The evolution of OODA Ball came in phases.
As a loudspeaker designer, I've always been fascinated and challenged by how sound behaves when it bounces off boundaries, such as walls. I began bouncing this three-inch foam ball against the wall to try to visualise how sound might reflect off a wall at different angles. I then began slapping and punching it. It was challenging because the target is too small, too light, and doesn't bounce very well - if only I had a better ball. So I immediately began working on the design, and within a few weeks I had a working prototype. The size was about right, as were the weight and density, but I needed to do more research on the physics of bounce (COR). I set it aside, and got sidetracked with other interests and ideas, and years passed. That was the first spark of inspiration.
The last phase of inspiration came in the form of boxing superstar Manny "Pacman" Pacquiao. One of Pacman’s many gifts as a boxer is his natural ability to hit opponents from angles that no one expects. After watching the "Pacman" at work, I remembered my original OODA Ball design. I realized that this product could help a fighter develop better angles, as Mannys unorthodox style kept his oponent guessing at an unrelenting pace.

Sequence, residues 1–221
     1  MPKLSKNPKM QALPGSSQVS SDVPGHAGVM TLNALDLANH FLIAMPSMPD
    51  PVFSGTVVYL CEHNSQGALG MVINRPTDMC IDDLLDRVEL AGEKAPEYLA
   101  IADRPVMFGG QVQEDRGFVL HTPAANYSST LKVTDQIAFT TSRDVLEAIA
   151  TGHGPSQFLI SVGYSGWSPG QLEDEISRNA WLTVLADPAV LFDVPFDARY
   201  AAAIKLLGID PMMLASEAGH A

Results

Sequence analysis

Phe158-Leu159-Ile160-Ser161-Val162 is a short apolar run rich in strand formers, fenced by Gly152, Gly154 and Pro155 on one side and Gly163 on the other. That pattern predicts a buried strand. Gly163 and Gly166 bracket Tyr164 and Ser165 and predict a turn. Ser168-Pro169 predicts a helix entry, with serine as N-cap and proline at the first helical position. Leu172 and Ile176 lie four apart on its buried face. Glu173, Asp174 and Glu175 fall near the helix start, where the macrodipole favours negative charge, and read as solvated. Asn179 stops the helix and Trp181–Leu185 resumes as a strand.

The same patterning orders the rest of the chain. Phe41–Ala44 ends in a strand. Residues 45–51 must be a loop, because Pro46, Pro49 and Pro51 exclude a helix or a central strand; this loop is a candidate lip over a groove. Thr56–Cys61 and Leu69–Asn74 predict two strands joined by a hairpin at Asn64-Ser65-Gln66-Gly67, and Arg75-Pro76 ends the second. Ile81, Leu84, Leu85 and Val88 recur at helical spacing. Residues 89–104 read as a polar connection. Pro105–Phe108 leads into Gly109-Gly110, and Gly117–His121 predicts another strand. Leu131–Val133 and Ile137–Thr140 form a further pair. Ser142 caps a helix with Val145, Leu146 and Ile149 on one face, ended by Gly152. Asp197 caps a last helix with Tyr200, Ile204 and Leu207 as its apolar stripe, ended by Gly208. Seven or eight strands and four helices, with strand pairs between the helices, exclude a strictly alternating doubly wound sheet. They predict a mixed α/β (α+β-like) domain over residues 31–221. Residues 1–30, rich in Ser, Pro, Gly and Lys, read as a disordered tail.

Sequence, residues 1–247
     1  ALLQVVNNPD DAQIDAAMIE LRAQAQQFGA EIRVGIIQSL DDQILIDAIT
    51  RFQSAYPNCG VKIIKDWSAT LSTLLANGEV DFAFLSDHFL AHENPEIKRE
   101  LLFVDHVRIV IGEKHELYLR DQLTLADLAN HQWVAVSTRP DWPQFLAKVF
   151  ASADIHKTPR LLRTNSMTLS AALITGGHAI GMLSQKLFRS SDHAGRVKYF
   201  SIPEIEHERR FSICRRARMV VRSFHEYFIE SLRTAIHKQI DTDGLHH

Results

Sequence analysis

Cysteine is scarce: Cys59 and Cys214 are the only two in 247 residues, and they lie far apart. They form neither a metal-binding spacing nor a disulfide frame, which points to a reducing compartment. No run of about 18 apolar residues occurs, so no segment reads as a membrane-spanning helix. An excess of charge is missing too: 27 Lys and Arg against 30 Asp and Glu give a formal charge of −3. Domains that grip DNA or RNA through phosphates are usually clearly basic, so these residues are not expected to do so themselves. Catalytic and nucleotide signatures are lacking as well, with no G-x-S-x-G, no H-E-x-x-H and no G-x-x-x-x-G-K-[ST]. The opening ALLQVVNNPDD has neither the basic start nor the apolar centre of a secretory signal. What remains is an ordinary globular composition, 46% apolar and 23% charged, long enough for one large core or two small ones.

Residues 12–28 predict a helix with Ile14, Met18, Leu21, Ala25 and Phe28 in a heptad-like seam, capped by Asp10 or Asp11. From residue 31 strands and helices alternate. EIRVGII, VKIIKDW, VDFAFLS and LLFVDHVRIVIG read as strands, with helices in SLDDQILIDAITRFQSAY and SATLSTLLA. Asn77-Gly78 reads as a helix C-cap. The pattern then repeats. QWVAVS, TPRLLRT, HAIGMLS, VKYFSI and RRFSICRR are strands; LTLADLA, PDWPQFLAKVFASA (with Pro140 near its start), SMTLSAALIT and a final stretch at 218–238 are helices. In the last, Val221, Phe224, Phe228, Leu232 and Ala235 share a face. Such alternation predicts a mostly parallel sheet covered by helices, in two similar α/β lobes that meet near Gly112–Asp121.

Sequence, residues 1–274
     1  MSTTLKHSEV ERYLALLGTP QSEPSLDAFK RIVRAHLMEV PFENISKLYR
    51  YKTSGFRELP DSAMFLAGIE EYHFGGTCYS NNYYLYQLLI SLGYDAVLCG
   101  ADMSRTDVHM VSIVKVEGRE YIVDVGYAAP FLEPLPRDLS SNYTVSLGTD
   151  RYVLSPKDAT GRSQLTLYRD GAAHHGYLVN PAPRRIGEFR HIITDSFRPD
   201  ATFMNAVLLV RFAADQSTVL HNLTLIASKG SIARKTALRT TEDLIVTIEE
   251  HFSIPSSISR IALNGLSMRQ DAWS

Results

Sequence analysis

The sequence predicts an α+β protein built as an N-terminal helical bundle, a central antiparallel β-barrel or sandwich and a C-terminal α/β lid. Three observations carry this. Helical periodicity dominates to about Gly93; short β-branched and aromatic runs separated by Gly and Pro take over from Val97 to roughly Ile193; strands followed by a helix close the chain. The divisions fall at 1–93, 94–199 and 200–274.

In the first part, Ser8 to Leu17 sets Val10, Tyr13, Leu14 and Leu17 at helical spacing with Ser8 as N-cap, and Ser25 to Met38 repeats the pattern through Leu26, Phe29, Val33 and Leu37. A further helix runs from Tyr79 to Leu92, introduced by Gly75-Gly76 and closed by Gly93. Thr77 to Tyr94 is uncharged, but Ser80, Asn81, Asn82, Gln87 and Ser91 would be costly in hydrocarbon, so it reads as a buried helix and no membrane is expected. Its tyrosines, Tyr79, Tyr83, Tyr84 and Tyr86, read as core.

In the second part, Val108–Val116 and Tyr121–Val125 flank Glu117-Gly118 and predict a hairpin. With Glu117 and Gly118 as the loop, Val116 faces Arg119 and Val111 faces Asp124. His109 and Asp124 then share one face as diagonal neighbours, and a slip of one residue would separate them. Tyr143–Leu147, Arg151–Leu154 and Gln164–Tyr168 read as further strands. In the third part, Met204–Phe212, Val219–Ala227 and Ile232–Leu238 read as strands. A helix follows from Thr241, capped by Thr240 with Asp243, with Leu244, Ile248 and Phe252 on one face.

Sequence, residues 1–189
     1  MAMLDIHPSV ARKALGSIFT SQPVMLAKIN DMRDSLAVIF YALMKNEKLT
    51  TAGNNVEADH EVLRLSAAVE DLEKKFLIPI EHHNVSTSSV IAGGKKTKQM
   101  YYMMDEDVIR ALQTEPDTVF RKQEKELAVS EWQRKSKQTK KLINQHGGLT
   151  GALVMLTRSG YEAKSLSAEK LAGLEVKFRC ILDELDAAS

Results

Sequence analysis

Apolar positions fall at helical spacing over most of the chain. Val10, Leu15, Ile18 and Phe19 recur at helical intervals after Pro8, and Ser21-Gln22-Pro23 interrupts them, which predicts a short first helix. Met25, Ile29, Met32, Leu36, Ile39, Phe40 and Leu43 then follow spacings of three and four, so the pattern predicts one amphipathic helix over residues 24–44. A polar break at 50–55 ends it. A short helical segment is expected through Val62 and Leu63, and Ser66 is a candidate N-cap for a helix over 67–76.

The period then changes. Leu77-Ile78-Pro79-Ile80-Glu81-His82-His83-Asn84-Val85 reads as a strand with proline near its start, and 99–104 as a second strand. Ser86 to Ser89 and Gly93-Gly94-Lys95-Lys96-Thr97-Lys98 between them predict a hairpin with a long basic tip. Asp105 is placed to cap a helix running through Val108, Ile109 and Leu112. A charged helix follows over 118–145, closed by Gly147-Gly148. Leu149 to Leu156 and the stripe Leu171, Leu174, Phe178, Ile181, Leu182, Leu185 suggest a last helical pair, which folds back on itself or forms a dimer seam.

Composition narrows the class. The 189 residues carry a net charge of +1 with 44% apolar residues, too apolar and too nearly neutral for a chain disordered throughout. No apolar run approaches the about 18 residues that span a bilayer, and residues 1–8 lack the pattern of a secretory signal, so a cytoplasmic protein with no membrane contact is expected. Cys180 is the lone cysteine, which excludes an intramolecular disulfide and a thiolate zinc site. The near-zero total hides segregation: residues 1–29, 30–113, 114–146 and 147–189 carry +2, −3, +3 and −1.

I went back to the drawing board at my home in Montreal Canada. The result is a ball designed with the optimum weight, density, and spring characteristics that are ideal for punching, bouncing against a wall, ground and pound, or freestyle into the air.